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Regulatory Sanctions

Traders Sanctioned for Over-Advertising Trade Volume

June 2, 2017

by Howard Haykin


Trading volume is a critical measure for broker-dealers that seek to attract order flow from buyside firms. FINRA knows this, and it brings a hard-nosed attitude to its examinations of all advertised claims. There's little or no 'wiggle room' for firms or individual traders who overstate statistics - particularly when the errors are committed over a prolonged period.


Mark Pfeiffer agreed to a $20K fine and a 31-day suspension to settle FINRA charges that he manually advertised trade volume in 88 instances in Bloomberg and/or Thomson Reuters that substantially exceeded his member firm’s executed trade volume.


Lawrence Zirkel, agreed to a $20K fine and a 3-month suspension to settle FINRA charges that he intentionally over advertised the executed trade volume of his member firm and instructed two traders who reported to him to engage in the same conduct in order to attract order flow to the firm.


BACKGROUND.   Mark Pfeiffer, who resides in New York, NY, was a trader at the time with Avian. He entered the securities industry in 1999 and was associated with Avian Securities ("AVIA") from October 2003 through November 2012. He was later employed by another B/D.


Lawrence Zirkel, who also resides in New York, NY, was a senior trader at the time with Avian. He entered the securities industry in June 1992 and, between 1992 and 2002, was employed at 6 member firms. Zirkel was associated with AVIA from in July 2002 until 12/7/12. He was later hooked up with another firm from April 2014 until January 2017.


Neither individual had had any disciplinary history.


FINRA FINDINGS.    This matter arises from a review of AVIA’s advertised trade volume for the review period, 9/1/09 through 11/30/11. The OTC Compliance Team of FINRA’s Market Regulation Division conducted the review.


Many sellside broker-dealers, including AVIA, advertise intra-day and historical trading volume in a particular security through certain private service providers, such as Bloomberg and Thomson Reuters. The advertisements are targeted at buyside traders, who rely on the advertised statistics to decide which broker-dealers might provide best execution in trades involving particular securities. They’re also directed at issuers, who in the future may need to raise additional capital.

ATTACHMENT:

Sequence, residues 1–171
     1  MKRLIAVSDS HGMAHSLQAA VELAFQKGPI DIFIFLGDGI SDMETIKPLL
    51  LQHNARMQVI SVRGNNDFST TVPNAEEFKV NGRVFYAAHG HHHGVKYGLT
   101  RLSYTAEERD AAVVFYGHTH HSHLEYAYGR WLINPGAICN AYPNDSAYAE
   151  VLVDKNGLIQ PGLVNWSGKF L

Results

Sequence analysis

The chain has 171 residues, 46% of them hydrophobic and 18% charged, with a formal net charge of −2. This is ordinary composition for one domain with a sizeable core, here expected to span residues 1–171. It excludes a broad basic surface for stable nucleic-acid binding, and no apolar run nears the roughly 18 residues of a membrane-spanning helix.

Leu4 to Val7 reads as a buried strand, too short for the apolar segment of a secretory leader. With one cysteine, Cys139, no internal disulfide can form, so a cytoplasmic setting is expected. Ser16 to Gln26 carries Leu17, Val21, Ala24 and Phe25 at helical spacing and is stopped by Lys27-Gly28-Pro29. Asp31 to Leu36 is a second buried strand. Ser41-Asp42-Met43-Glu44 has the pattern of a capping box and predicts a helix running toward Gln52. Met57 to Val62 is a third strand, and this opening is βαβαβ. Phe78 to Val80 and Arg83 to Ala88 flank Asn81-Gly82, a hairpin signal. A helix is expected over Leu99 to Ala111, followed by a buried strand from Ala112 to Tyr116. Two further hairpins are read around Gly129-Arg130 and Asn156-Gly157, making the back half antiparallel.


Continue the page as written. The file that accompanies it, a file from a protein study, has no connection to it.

Needless to say, advertising inaccurate trade volume violates NASD Rule 2210, NASD Rule 3310 and IM-3310, and FINRA Rule 5210, which provide, in part, that "[n]o member shall publish or circulate, or cause to be published or circulated, any ... advertisement, ,.. or communication of any kind which purports to report any transaction as a purchase or sale of any security unless such member believes that such transaction was a bona fide purchase or sale of such security."


While During the review period, most of AVIA's trade volume was advertised automatically. Trades entered into the firm's order management system were automatically transmitted to outside vendors such as Bloomberg and Thomson Reuters for advertising. However, traders could, and did, manually advertise trade volume directly into Bloomberg and/or Reuters as well.


According to FINRA examiners, during the period:


  • While most of AVIA's advertised trade volume that appeared on outside vendors – e.g., Bloomberg and Thomson Reuters - was automatically transmitted through AVIA’s trade processing system, traders were able to adjust the advertised volumes by transmitting to these vendors manually entered trades.
  • That provided Pfeiffer and Zirkel with the capability to intentionally over-advertise AVIA’s executed trade volume.
  • Zirkel also instructed 2 traders under his supervision to engage in the same conduct.
  • The number of shares manually advertised by all 4 traders had no relationship to the number of shares traded by AVIA.
  • The erroneous trade data was entered to enhance the profile of the firm, which could have resulted in increased order flow to the firm.
  • Such activities would have violated NASD Rule 3310 (and IM-3310) and FINRA Rule 5210, among other rules.


FINANCIALISH TAKE-AWAYS.    FINRA also sanctioned firms as part of this ‘sweep examination’. One such firm, HSBC, was fined $575,000 for such violations. [Click on Financialish, 4/5/17.]


Both cases were reported in FINRA Disciplinary Actions for May 2017.

For details on the Pfeiffer case, go to ...  FINRA Disciplinary Actions Online, and refer to Case #2013039424201.

For details on the Zirkel case, go to ...  FINRA Disciplinary Actions Online, and refer to Case #2011030206801.